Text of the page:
As the one-year anniversary of my book publication approaches in January, I’m devoting Fridays from now until the end of the year to revisiting the book’s major themes. Each Friday, I’ll post an excerpt from No Easy Choice: A Story of Disability, Parenthood, and Suffering in an Age of Advanced Reproduction. This week, I’m featuring a section on a Nobel prize given to a pioneer in developing in vitro fertilization (IVF), and how the media reaction to his prize shines a light on our culture’s confusion about the ethical questions raised by IVF and related technologies.
In 2010, British biologist Robert G. Edwards won the Nobel Prize in medicine for his contribution to the development of in vitro fertilization (IVF) technology more than thirty years earlier. Edwards and his late research partner, Patrick Steptoe, pioneered the process by which the first so-called test-tube baby was born in 1978. Since then an estimated four million babies worldwide have been born as a result of IVF, in which embryos are created from eggs and sperm in a laboratory and then implanted in a woman’s uterus. As of this writing, here in the United States that process leads to the live birth of one or more infants about 30 percent of the time.
Media coverage of Edwards’s prize was noticeably superficial. Major media outlets known for rigorous reporting cited all those healthy babies and happy parents as proof that ethical concerns about reproductive technology are passé. NPR’s Robert Siegel began an interview with bioethicist Jeffrey Kahn by asking, “Have four million births through IVF trumped all the moral and ethical questions that were posed by the procedure?” Other news stories failed to address ethical questions at all, portraying Edwards as a brave pioneer who fought back against uptight alarmists. A New York Times article, for example, states:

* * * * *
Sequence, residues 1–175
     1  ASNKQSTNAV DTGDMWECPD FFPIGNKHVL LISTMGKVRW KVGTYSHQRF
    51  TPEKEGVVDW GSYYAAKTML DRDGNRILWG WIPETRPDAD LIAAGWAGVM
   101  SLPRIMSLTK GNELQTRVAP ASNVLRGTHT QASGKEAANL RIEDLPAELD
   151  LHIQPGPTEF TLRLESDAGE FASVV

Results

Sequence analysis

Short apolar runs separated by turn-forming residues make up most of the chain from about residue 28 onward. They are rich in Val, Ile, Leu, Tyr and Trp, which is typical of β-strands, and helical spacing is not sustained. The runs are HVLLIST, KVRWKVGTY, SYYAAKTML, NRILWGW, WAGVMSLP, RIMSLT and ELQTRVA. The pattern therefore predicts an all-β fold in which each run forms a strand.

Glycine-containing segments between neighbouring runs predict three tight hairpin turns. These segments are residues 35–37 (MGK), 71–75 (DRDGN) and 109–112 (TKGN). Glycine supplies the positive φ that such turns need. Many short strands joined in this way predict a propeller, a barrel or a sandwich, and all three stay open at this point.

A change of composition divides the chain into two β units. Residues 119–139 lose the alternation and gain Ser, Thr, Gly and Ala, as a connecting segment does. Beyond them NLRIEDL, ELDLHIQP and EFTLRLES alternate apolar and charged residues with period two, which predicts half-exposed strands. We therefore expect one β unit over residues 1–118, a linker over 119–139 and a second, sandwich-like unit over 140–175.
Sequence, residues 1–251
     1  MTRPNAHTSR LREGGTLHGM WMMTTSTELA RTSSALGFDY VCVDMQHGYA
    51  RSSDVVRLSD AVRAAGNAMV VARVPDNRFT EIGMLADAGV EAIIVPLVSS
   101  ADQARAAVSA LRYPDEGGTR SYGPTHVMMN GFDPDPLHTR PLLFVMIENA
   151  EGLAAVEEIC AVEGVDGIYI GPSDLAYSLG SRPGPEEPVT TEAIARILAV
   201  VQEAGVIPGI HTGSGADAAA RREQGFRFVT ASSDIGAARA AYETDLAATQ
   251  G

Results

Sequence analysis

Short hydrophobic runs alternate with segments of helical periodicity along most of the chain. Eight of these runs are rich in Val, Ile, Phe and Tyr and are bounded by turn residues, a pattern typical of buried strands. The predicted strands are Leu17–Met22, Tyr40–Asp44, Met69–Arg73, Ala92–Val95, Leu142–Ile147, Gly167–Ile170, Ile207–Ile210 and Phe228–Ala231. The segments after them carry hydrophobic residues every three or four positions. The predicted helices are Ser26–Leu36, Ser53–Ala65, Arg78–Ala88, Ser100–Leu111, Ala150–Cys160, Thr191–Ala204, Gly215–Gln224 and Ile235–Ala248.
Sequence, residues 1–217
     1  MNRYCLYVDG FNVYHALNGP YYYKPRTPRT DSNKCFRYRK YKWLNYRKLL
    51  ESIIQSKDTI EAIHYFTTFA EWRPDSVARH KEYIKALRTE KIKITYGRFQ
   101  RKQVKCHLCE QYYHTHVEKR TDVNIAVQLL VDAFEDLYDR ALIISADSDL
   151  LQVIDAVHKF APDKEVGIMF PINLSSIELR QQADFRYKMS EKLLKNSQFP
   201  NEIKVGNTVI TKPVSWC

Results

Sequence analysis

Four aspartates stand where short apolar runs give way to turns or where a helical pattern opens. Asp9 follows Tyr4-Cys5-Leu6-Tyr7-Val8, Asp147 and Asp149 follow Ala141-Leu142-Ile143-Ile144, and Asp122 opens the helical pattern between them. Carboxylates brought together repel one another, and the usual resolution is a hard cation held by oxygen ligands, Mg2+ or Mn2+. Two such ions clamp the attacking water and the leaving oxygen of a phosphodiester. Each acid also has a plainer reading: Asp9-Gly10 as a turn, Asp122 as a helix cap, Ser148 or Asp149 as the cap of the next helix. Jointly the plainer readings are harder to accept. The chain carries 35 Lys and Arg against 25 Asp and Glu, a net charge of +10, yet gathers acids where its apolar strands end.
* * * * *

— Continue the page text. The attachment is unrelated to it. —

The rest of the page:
Advances in human reproductive technology arouse people’s deepest concerns and often go through a cycle, first of outrage and charges of playing God, then of acceptance. In vitro fertilization proved no exception. “We know that I.V.F. was a great leap because Edwards and Steptoe were immediately attacked by an unlikely trinity—the press, the pope, and prominent Nobel laureates,” said the biochemist Joseph Goldstein in presenting the Lasker Award to Dr. Edwards in 2001. . . . The objections [to IVF] gradually died away—except on the part of the Roman Catholic Church—as it became clear that the babies born by in vitro fertilization were healthy and that their parents were overjoyed to be able to start a family.
When Edwards received his Nobel Prize, I was finishing [No Easy Choice], which is the culmination of a seven-year process of using my family’s story as a springboard for examining the many ethical questions posed by modern reproductive technology. I knew there was much more to the Edwards story than most media outlets reported.
I knew, for example, that the existence of all those happy families does not trump moral inquiry. Parental joy with their healthy IVF-conceived babies, while compelling and understandable, does not negate ethical concerns. I also knew that Roman Catholic leaders, while providing the most consistent and thorough Christian position on reproductive technology, are far from the only ones concerned with the moral questions it raises. Theologians from various religions, as well as bioethicists, journalists, bloggers, and regular folk faced with complex reproductive decisions regularly engage in lively, rigorous discussions about the moral implications of established and emerging technologies. Rather than the ethical questions raised by IVF diminishing as the technique has become commonplace, the number of ethical questions has actually grown as reproductive technologies—not only IVF, but also PGD, prenatal diagnosis, sperm and egg donation, and surrogacy—have become more sophisticated and ubiquitous.